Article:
No Place For Curry

New York's trendiest new Indian restaurant does not serve curry. Indeed, Devi offers no tandoori chicken, no "fusion" food and no sitar music, either. Chef Suvir Saran has deliberately done away with all the stereotypes that characterize most Indian eateries in the West. Instead he showcases authentic Indian home cooking, the subtle food he grew to love at his family's table in New Delhi, re-created with a new twist and served on stylish Japanese plates. Presenting a limited menu of small portions paired carefully with select wines, the restaurant has been such a hit with foodies and critics alike that Saran has been inspired to open Veda, a similarly upscale restaurant in New Delhi. It's a sweet homecoming for the 32-year-old chef. "Indians have forgotten their classical cuisine, so it needs to be exposed again," he says. "I'm not discovering these recipes; they are our heritage."

They are certainly his. Growing up in a middle-class family, where three generations lived together and people routinely dropped in for meals, taught him to be gregarious from childhood. As in many Indian families, food mattered deeply. "The last thing we spoke about at night was what everybody wanted to eat the next day," Saran recalls. A powerful grandmother ruled the kitchen, along with Panditji, the cook who originally came as part of her dowry. He served as the family historian and raconteur, entertaining the children with stories as he cooked and making a deep impression on Saran. When he first arrived in New York to study art 12 years ago, Saran made friends by entertaining in his dorm room.

The Delhi kitchen was important to Saran for other reasons, too. "From the age of 3, I knew I was different from other boys," says Saran, who is gay. "At the family table, there were always outsiders; we were onstage. In the kitchen, I could be myself. Panditji didn't care who I was." Neither did his parents, who encouraged his love of music, painting, gardening. "Their attitude was, 'If a girl can do it, you can do it.' I was the first boy to take home economics--the school did not stop me--and the only one to teach macrame." He desperately missed having a role model. "I don't wear my sexuality on my sleeve but identity is important--if you're not yourself, you're nobody."

Then, at 14, he saw a magazine picture of Rohit Bal, India's leading fashion designer, who was then 24 and just starting out. Saran tracked him down; they met and became close friends. He credits Bal, "India's Versace," for his "emancipation." (Business partners now, Bal has designed Veda, their New Delhi restaurant.)

In America, Saran says he found acceptance despite his brown skin and accented English. People were interested in him for his culinary skills, which he showed off by catering street foods like mung-bean salad that Indians crave. Recipes for such common dishes, given a new twist--Saran stacks the beans into a tower on tiny papadums--make up his best-selling book, "Indian Home Cooking," published last year. "In childhood, food shielded me from shame," he says. "In adulthood, it helped me fit into a new society."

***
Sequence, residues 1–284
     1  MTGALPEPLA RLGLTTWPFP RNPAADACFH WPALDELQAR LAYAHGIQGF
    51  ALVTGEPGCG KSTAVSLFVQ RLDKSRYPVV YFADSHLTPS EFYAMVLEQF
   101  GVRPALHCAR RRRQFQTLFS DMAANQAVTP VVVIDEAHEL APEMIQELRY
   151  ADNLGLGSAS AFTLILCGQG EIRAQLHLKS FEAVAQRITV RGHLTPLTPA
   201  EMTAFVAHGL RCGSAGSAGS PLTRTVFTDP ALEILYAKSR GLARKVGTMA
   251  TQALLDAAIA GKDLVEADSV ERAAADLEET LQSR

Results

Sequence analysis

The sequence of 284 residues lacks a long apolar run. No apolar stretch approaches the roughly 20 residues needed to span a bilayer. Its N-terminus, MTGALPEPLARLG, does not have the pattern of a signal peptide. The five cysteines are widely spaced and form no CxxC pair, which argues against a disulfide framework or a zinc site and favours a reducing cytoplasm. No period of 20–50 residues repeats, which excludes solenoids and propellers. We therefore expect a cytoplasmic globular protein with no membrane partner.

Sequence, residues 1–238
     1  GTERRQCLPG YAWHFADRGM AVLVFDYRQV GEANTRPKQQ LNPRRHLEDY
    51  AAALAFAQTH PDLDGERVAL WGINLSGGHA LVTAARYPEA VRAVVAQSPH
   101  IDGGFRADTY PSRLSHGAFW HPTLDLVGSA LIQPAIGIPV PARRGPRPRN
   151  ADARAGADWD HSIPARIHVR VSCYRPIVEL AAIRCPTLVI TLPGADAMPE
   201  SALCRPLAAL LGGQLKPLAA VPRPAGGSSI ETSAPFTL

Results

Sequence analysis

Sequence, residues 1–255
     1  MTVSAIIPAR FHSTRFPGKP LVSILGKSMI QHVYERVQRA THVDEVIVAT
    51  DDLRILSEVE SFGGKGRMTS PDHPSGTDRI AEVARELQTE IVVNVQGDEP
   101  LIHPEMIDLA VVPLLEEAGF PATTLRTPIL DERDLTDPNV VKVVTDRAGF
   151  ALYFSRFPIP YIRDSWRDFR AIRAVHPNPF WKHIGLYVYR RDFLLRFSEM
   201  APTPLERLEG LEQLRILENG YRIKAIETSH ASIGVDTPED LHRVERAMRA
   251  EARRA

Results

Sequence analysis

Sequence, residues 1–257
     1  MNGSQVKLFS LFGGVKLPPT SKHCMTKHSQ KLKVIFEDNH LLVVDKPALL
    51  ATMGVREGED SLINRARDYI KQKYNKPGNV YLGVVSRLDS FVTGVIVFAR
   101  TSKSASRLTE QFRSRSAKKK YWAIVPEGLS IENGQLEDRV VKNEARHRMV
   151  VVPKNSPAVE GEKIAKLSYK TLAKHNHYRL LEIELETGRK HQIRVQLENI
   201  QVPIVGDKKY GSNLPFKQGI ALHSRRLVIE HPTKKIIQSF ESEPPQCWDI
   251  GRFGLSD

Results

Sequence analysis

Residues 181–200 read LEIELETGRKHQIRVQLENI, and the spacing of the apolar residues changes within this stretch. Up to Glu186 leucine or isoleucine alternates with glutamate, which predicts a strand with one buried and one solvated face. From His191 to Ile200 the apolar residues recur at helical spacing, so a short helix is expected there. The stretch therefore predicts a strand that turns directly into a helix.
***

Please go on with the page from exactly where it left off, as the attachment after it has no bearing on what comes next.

As his reputation spread, friends began asking for cooking lessons, which he parlayed into teaching at New York University. Eventually Saran decided to make saving Indian cuisine his mission. He gave up his job as director of merchandising at Henri Bendel, hooked up with professional cooks and ate "bad food" at well-known Indian restaurants. "The greasy curries that nobody eats at home in India were ubiquitous," he says. He volunteered advice to restaurateurs, went into kitchens to meet chefs and found out why the food was so lousy. "They added butter and cream to everything because a bad sauce will improve with fat," he says. "But it's not authentic--not how Indians cook at home."

After researching the scene, Saran made a calculated move: in 2003, he signed on as chef at a pricey 28-seat restaurant in midtown Manhattan. He brought in Hemant Mathur, who had helped him in catering, as his co-chef and partner. Until then, Mathur had been so ashamed of his profession--in India, chefs are not respected--that he refused to tell his parents what he did for a living. "In America, we're like rock stars," says Saran. "In India, we're like indentured slaves."

After Devi's success, Saran's financial backer, Rakesh Aggarwal, urged him to take authentic Indian food back home to India, where native cuisine is not chic. He considers it his challenge to restore tradition. "Our grandmothers cooked this food," he says. "Now the grandmothers and the Panditjis have disappeared and mothers are working." Veda is a blend of old and new: set in colonial Delhi, it boasts ancient artifacts and old-style dishes plated in sleek modern fashion. Mathur and Saran plan to fly back and forth between New York and New Delhi. Their future plans include a no-frills "rice bowl" restaurant in New York's financial district. And then? "An Indian restaurant in Paris!" says Saran. Stranger things have already happened.